Chicken Pox

Chickenpox is caused by a virus infection. The virus causes fever, rash and itching. Some children have a sore throat and poor appetite. The rash begins as small red bumps and then turns into water-filled blisters. At the end of the illness, the blisters dry up and crust over to form scabs. The scabs rarely leave scars. The rash can appear all over the skin, scalp, mouth, throat and vagina. The illness usually lasts for 5 to 7 days. The following are steps you can take to help your child feel better.

For the itching
Give your child lukewarm baths. Aveeno powder or baking soda added to the bath water may feel good.
Try putting calamine lotion on the blisters.
After checking with your doctor, give an antihistamine medicine, such as Benadryl by mouth. Follow the directions on the bottle for how much to give and how often to give it.

For the fever
Give acetaminophen (Tylenol, Tempra) for temperature over 101 degrees.
Do not give aspirin since it can cause brain, liver and kidney problems.
Give your child plenty of "liquid" foods, such as juice, popsicles and jello.

To prevent an infection of the skin caused by scratching
Cut your child's fingernails short.
Keep your child's hands clean by washing them with soap and water.
Cover your child's hands with socks to prevent scratching if the itching is very bad.

What else do I need to know and do about chickenpox?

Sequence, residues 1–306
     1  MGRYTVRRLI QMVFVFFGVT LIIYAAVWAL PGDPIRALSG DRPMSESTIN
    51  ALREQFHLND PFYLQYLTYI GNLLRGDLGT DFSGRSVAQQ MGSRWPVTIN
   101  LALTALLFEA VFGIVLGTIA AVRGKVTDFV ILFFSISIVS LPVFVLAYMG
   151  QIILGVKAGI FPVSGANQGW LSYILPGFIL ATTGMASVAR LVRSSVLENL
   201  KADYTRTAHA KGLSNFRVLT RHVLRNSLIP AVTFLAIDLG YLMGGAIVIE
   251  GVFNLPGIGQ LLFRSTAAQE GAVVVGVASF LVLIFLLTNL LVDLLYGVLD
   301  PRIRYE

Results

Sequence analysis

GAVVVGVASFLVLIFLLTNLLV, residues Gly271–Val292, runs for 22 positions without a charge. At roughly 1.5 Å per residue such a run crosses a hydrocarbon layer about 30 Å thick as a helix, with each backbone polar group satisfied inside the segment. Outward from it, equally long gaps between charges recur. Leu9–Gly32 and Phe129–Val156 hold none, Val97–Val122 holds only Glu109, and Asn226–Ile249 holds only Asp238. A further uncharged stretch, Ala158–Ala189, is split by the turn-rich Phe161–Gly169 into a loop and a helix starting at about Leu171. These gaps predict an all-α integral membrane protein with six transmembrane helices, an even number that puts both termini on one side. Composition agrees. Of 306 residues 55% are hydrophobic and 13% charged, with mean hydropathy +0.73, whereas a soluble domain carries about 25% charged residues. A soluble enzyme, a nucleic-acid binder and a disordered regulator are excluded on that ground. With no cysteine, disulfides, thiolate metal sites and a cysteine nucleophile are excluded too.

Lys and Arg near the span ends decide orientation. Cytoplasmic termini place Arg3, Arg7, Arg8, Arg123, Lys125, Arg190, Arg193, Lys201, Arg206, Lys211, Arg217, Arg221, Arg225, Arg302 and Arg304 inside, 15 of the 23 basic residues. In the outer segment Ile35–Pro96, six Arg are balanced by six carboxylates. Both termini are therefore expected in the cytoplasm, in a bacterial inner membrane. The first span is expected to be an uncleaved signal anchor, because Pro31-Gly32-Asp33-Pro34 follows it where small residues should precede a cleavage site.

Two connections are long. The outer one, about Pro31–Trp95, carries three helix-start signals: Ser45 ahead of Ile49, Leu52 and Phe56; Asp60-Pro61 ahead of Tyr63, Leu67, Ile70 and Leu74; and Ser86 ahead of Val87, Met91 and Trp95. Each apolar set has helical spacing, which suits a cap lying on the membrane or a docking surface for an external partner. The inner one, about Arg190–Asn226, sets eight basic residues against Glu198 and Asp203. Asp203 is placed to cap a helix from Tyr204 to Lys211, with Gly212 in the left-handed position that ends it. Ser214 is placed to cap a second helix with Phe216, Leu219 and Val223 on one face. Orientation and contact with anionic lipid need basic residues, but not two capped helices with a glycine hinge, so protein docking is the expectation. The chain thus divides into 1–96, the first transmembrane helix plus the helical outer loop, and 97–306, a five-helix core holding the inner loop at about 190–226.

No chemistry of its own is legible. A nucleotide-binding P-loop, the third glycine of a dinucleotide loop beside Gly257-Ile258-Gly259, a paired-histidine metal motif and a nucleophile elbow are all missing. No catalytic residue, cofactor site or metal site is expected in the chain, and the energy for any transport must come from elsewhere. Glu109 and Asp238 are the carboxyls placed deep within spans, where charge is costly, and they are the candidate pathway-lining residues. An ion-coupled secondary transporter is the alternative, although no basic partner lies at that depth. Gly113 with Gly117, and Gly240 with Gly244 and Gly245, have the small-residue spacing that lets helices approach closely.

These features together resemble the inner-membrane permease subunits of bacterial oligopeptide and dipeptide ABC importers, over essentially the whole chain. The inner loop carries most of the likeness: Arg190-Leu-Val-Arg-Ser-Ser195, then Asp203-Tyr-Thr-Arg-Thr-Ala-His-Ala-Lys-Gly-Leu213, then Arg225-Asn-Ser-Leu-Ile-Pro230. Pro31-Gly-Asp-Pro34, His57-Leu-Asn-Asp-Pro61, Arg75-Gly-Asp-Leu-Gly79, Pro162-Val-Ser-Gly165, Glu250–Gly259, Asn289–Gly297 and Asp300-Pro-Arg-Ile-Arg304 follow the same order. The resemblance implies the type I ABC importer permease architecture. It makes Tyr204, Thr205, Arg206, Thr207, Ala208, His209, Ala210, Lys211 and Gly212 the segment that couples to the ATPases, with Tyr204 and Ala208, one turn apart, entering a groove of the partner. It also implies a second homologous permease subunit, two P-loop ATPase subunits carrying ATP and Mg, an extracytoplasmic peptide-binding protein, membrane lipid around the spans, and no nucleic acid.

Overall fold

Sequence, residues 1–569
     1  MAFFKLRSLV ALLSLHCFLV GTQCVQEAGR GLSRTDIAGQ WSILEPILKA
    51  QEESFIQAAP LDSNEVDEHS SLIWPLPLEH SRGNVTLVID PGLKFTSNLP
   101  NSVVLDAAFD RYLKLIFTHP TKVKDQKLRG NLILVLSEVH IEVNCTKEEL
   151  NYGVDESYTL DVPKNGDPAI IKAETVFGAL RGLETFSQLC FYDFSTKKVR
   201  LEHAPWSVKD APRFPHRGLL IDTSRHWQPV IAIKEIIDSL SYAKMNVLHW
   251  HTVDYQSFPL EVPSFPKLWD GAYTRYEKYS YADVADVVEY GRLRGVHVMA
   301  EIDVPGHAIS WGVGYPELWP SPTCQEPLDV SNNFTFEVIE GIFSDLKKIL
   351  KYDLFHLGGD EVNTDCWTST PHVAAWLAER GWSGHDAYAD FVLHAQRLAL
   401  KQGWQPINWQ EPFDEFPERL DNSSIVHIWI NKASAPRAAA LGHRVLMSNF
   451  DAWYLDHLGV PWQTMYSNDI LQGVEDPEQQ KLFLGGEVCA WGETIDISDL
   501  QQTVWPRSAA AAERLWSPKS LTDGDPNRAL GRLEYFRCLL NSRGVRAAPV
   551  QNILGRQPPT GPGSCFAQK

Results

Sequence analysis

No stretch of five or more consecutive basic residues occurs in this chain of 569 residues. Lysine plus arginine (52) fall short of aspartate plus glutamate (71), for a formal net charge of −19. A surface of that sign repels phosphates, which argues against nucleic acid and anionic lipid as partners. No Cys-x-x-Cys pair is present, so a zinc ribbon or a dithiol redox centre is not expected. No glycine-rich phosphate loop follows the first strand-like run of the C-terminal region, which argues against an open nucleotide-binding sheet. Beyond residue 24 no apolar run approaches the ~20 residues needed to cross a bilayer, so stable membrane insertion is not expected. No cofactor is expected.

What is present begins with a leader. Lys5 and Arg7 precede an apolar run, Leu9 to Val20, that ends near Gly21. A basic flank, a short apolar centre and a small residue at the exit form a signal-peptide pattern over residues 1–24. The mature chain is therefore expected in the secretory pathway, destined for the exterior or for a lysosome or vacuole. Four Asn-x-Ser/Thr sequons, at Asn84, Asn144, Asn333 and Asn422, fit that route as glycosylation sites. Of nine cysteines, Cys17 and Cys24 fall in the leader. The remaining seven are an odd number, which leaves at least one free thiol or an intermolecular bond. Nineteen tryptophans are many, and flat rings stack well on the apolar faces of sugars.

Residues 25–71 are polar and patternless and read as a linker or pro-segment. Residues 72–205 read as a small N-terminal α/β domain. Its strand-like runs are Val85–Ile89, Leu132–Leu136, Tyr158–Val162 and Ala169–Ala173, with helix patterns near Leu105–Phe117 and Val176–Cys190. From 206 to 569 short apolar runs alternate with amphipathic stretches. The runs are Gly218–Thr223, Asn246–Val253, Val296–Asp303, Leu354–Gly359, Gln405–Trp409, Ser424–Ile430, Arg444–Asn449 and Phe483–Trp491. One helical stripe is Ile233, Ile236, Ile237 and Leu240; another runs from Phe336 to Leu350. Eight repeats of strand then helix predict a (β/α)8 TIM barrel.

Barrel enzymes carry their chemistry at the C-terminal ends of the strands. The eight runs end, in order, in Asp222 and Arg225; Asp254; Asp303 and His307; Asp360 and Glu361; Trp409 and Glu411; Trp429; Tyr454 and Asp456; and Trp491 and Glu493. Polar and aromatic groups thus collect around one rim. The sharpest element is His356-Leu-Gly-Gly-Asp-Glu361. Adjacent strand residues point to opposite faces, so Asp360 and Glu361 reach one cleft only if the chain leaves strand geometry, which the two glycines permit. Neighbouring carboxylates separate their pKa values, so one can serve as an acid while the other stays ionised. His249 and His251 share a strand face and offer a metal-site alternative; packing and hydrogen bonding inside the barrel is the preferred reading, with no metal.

Chickenpox is very contagious. The virus spreads through the air from the throat or skin rash of someone who has the illness. It is hard to prevent the spread of chickenpox. People are infectious 1 to 2 days before the rash appears and stay infectious until the blisters form scabs. It takes 7 to 21 days for a person to get chickenpox once they have been exposed.
Keep your child way from anyone who has not had chickenpox or the vaccine.
Pregnant women, young babies, persons taking steroids, persons being treated for cancer, or persons with acquired immunodeficiency syndrome (AIDS ) can get very sick if exposed to chickenpox.
Your child may return to school when all the blisters have crusted over. This should take about 7 to 10 days.
A vaccine is now availble for healthy persons who have not had chickenpox.
Talk to your health care provider about this for the other members of your family.

When should I call the doctor?
Call the doctor if you have questions or if your child has any of the following:

  • Temperature over 104 degrees
  • Vomiting that will not stop
  • Dizziness or loss of balance
  • Trouble breathing
  • Fever lasting more than 4 days
  • Seizures
  • A bad cough
  • Severe itching
  • Trouble waking up
  • Bad stomach pains
  • Pus draining from the blisters

Source: Mosby's Pediatric Patient Teaching Guides, Mosby-Year Book, Inc.

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